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Paediatric Dentistry

Pediatric Dentistry

Developmental enamel defects and their impact on child oral health-related quality of life
Fabiana Vargas-Ferreira(a) Thiago Machado Ardenghi(b)


Department of Community Medicine, School of Epidemiology, Universidade Federal de Pelotas, RS, Brazil. Department of Stomatology, School of Dentistry, Universidade Federal de Santa Maria, RS, Brazil.


Abstract: This cross-sectional study assessed the impact of Developmental Enamel Defects (DED) on Child Oral Health-Related Quality of Life (COHRQoL). A sample of 944 11- to 14-year-old Brazilian schoolchildren was examined for the prevalence and severity of DED. The children completed the Child Perceptions Questionnaire (CPQ11-14), and socioeconomic status was also collected using a questionnaire. Poisson regression models were used to assess the association between DED and overall and domain-specific CPQ11-14 scores. The prevalence of DED was 19.7%. In general, children with DED did not indicate any decrease in self-perception. However, this condition was associated with an impact on the functional limitation domain. The presence of DED may cause negative impacts on a child’s perception of oral health and on their daily performance. Descriptors: Tooth Abnormalities; Dentition, Permanent; Dental Enamel Hypoplasia; Quality of Life.

Developmental enamel defects (DED) have been defined as disturbances in hard tissue matrices and their mineralization that arise during odontogenesis.1 According to their clinical appearances, DED have been classified as demarcated opacity, diffuse opacity or hypoplasia.1 Enamel opacity is a qualitative defect involving an alteration in the translucency of enamel and may appear white, yellow or brown in color. Enamel hypoplasia is a quantitative defect associated with a reduced enamel thickness. 2 Data on the prevalence of developmental enamel defects of the permanent dentition have been published; the results range from 21% to nearly 100%. 2-5 The presence of DED has been traditionally measured by recording the presence of enamel defects. However, such normative indicators, when employed alone, do not document the full impact of DED on the oral health of a child.6 Over the last two decades, increasing attention has been paid to this impact by assessing Child Oral HealthRelated Quality of Life (COHRQoL) by using oral-health surveys and clinical trials.7-8 DED may have a significant esthetic impact on the maxillary incisors.4 However, no study has yet addressed the impact of this condition on COHRQoL. It is important to understand the true impact of dental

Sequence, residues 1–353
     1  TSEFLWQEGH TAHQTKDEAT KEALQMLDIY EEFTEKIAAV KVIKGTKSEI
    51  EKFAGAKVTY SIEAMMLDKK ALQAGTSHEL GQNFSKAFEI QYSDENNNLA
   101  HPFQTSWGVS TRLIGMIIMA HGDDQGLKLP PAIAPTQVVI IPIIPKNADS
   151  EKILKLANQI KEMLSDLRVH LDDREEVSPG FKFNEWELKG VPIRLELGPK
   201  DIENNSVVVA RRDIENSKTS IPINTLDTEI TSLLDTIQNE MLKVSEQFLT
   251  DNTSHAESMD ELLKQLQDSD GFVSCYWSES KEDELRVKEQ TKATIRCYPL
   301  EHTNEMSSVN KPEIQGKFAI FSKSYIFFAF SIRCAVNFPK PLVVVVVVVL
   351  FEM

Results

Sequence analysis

Declaration of Interests: The authors certify that they have no commercial or associative interest that represents a conflict of interest in connection with the manuscript.

Corresponding author: Fabiana Vargas-Ferreira E-mail:

Received for publication on Jun 02, 2011 Accepted for publication on Sep 30, 2011

Braz Oral Res. 2011 Nov-Dec;25(6):531-7


a power of 80% and an expected prevalence of 29. Only those subjects who were intellectually and physically capable of responding to the questionnaire were included in this study.13 and these diagnoses were included in the clinical exams carried out for almost all clinical dental conditions except for DED and tooth erosion. The city has 263. Moreover.6%. A benchmark dental examiner conducted the complete examiner training process. we adopted the following sample calculation parameters: a standard error of 5%.9 with nearly 85% of the population of 12-year-old children enrolled in public schools and residing in the city. which used data collected from a multistage random sample of 11.10 the minimum required sample size was estimated to be 510 children. and the results may contribute to discussions about whether DED is a public health problem. a city in southern Brazil. A total of 15 children were examined twice by each examiner with an interval of two weeks between each examination. This examination was done under natural light in a sitting position using individual CPI probes (ball point). The main economic activities are construction.14 We excluded children from this study who had fractured teeth. a range of different types of DED based on the diagnosis of photographic images was used in the standardization exercise.25(6):531-7 .Modified DED index for use in screening surveys (FDI). The Modified Developmental Enamel Defects index1 was used to diagnose and classify changes in the enamel of the permanent teeth (Figure 1). A two-stage random sampling procedure was used to select the study 14-year-old Brazilian schoolchildren.1. 36 and 46. Brazil. To achieve a ratio of unexposed to exposed individuals of 3:1 and a prevalence ratio of at least 1. a confidence interval level of 95%.7 The children were clinically examined in their schools by two examiners. 21 to 24. The calibration process lasted 30 h and included theoretical activi- ties with a discussion on the diagnostic criteria of DED. extensive restorations. A total of 20 schools were randomly selected. a design effect of 1. The buccal surfaces of the following teeth were examined: 11 to 14. Methodology A cross-sectional study was performed.8 CORHQoL Figure 1 . The firststage units were all public schools in Santa Maria.11 tooth erosion13 and dental trauma12 were identified as possible confounders. 2011 14-year-old schoolchildren from Santa Maria.11 The second-stage units were the children enrolled in each selected school. Socioeconomic characteristics were collected through a questionnaire that was completed by the parents of each child. services sector and trade.4 was applied. and up to 20% nonresponse was allowed.9 To assess the prevalence of DED and the impact of this condition on COHRQoL. and a random sample of children was selected from a list encompassing all students enrolled in the 20 schools. We believe that DED may cause negative consequences on quality of life.403 inhabitants.6. sterilized mouth mirrors and gloves. Sterile gauze pads were used to clean and dry the tooth surfaces. 5 In addition. or were wearing orthodontic appliances.11 dental trauma12 and tooth erosion.6 This is the first study to evaluate the impact of DED on 11. Each dental examination followed the international criteria standardized by the World Health Organization for oral health surveys.Developmental enamel defects and their impact on child oral health-related quality of life abnormalities to plan public health policies for the prioritization of care and to evaluate the outcomes from treatment strategies.4 The examiners were also trained in the assessment of dental caries. We recorded the prevalence of dental caries using the DMFT index. Types of defects Normal Demarcated opacity Diffuse opacity Hypoplasia Other defects Combinations Demarcated and diffuse Demarcated and hypoplasia Diffuse and hypoplasia All three defects Code 0 1 2 3 4 Code 5 6 7 8 532 Braz Oral Res. and we add this information in the paragraph.